By Yasser Latif Hamdani
The article below from Examiner epitomizes bad analysis that some in the US insist on carrying out which is damaging to the much flaunted “common objective”. God forbid if the author is right, it just means that the US is pursuing a perilous path by ignoring advice from Pakistan’s hardened policy hands. The author is absolutely wrong when she says the Pakistan Army “has never been excited” about US aid and intervention. The Pakistani military has always been very close to the Pentagon. What Obama needs is a sustainable strategy which brings on board every key player including Pakistan’s civilian federal government and the Pakistan Army.
This means that the US will have to address Pakistan’s concerns vis a vis Indian involvement in Afghanistan. All of India’s so called interests in Afghanistan are Pakistan specific. Furthermore, the US needs to come out clearly and distance itself from the horrendous and ridiculous Col Peters’ Plan which finds an increasingly audience amongst the new great gamers. How would US do that? Well for one – US has no business dealing directly with the NWFP and ANP. US should make it very clear that its channel of communication is with Pakistan’s Supreme Commander President Asif Ali Zardari and Pakistan’s Prime Minister Yousaf Raza Gilani. The US Administration should stop making direct contacts with either Asfandyar Wali Khan, Amir Haider Hoti etc and treating them as the founding father and prime minister of a new state. They should be treated on merit as a provincial party and a provincial government. ( I wonder if there are people in the current administration naive enough to flirt with this idea of an independent Pakhtunistan. If there are indeed such geniuses, they should know that their new found favorites will be swept away in a flood.)
Here is the article I was talking about:
It is not possible for President Obama to declare a surge against Pakistan. After all, we are allies, and we are not supposed to be fighting on their soil. Why did it take so long to finally endorse the troops requested by General McChrystal?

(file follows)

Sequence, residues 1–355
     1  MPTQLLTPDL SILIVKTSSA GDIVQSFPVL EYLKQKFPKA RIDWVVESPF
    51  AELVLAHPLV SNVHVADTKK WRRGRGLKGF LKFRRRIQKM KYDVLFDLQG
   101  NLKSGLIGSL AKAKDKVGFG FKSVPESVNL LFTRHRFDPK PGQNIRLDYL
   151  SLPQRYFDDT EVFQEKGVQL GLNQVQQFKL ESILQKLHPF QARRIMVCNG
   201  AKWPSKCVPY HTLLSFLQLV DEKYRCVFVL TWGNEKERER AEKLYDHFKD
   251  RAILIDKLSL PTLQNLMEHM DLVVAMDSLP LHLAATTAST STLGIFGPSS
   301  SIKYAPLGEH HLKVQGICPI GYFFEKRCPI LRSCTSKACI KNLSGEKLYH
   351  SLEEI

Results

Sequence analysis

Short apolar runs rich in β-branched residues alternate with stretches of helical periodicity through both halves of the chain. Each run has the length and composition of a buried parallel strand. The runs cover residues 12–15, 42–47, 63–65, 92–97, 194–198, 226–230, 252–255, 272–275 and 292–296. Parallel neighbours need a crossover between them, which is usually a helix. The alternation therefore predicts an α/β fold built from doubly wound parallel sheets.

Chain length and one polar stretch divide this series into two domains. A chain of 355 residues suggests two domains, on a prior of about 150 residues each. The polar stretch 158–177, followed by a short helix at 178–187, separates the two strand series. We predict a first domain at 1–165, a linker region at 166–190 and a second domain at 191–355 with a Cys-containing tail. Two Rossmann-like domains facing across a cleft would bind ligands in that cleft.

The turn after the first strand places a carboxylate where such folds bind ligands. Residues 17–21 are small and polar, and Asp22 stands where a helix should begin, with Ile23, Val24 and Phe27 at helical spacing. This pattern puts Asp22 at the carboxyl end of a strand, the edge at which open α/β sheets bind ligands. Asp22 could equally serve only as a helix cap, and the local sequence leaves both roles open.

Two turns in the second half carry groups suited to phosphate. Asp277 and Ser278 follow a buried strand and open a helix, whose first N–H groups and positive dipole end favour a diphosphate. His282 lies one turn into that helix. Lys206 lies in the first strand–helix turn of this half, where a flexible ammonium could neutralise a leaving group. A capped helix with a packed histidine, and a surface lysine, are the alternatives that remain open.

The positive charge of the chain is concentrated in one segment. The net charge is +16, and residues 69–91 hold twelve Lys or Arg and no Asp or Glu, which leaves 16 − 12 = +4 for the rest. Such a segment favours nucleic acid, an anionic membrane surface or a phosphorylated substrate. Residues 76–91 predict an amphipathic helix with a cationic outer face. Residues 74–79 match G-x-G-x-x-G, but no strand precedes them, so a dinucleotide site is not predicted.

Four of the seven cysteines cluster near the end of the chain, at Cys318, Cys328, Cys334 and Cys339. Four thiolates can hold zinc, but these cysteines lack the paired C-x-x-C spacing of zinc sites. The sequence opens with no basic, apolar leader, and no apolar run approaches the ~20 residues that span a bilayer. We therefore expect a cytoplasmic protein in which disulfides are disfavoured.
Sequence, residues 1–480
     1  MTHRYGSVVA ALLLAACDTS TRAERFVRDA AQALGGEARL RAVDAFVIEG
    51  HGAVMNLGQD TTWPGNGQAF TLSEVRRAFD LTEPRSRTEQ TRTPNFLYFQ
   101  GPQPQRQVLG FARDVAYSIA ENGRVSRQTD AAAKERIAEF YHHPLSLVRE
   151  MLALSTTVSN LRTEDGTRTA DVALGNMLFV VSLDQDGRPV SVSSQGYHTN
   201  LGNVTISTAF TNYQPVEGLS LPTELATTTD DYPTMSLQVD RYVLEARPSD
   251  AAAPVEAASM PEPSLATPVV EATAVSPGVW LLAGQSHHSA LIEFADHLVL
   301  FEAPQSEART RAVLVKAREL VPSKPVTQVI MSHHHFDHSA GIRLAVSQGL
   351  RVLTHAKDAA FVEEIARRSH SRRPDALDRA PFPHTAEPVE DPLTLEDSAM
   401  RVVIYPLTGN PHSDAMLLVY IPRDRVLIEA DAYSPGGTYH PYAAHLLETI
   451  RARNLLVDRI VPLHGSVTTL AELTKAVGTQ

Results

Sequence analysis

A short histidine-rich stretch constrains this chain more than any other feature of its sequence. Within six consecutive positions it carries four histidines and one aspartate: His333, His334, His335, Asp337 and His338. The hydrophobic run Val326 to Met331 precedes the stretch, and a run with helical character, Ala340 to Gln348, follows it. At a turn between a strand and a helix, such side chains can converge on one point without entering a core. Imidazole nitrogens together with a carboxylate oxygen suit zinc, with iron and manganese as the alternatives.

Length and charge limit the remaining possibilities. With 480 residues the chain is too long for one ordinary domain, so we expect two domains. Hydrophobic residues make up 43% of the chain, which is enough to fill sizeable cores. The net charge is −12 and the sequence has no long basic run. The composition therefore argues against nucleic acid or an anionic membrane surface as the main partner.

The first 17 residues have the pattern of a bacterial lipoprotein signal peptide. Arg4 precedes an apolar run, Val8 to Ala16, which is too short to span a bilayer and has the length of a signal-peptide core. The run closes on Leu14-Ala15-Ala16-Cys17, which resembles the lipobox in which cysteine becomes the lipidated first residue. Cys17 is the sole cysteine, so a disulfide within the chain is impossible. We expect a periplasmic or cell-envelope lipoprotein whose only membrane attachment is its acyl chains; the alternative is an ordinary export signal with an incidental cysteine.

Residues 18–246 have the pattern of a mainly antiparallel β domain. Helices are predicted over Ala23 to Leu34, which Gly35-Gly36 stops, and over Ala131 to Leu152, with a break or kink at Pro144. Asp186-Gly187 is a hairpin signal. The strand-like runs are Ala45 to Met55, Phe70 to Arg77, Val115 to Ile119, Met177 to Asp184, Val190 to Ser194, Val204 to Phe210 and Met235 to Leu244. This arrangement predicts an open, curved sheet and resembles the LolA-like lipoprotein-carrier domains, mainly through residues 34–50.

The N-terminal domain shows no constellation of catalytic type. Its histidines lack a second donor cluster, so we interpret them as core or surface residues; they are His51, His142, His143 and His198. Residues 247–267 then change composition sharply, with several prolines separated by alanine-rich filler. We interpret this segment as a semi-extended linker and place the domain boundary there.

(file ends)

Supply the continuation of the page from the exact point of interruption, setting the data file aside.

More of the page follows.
The excuse came in the form of waiting for Afghan election results, despite the fact that the US knew well in advance that Karzai had no serious competitor. And, as reported earlier, the only possible man who could have had a chance at winning was pressured by the US to withdraw. See U.S. pressured Abdullah Abdullah to withdraw from presidential race
This afternoon, we heard Richard Holbrooke say: ‘no country is more important to our success than Pakistan‘, during an interview with Fareed Zakaria. He also spoke of the hostility faced by Secretary of State Clinton during her recent visit to Pakistan. We wondered about the same animus in our report: Pakistan: ‘Kerry-Lugar bill is unacceptable’ – who is the real enemy?
According to all indications, al-Qaeda is no longer operating in Afghanistan. And the number of ‘dangerous’ Taliban has been reduced to less than one hundred men. The question has already been posed: do we need another 30,000 men to take out 100 men?
During another interview this Sunday on State of the Union, National Security Advisor, General Jim Jones was pressed hard about this surge, its meaning and its purpose. A single sentence stood out amid all of the rhetoric: the troops will be concentrated on the porous border between Afghanistan and Pakistan where the fighting has been heaviest.
Another fact which has recently emerged on Democracy Now! was the quiet work being done by the CIA in Pakistan, supported by private mercenaries (i.e. Blackwater) who are conducting a war so secret that it was indicated that the current administration may not have known about it. This is inclusive of the drone attacks which have killed many Pakistanis, including civilians.
And we have reason to worry about Pakistan now more than ever: President Zardari has been forced to relinquish some powers, as he has been accused of corruption. The Pakistani Army has never been expecially excited about American presence or assistance to the country. And then, there are those nuclear arms that need to be secured.
So as everyone continues the conversation about President Obama’s war in Afghanistan, we may want to pause and read between the lines.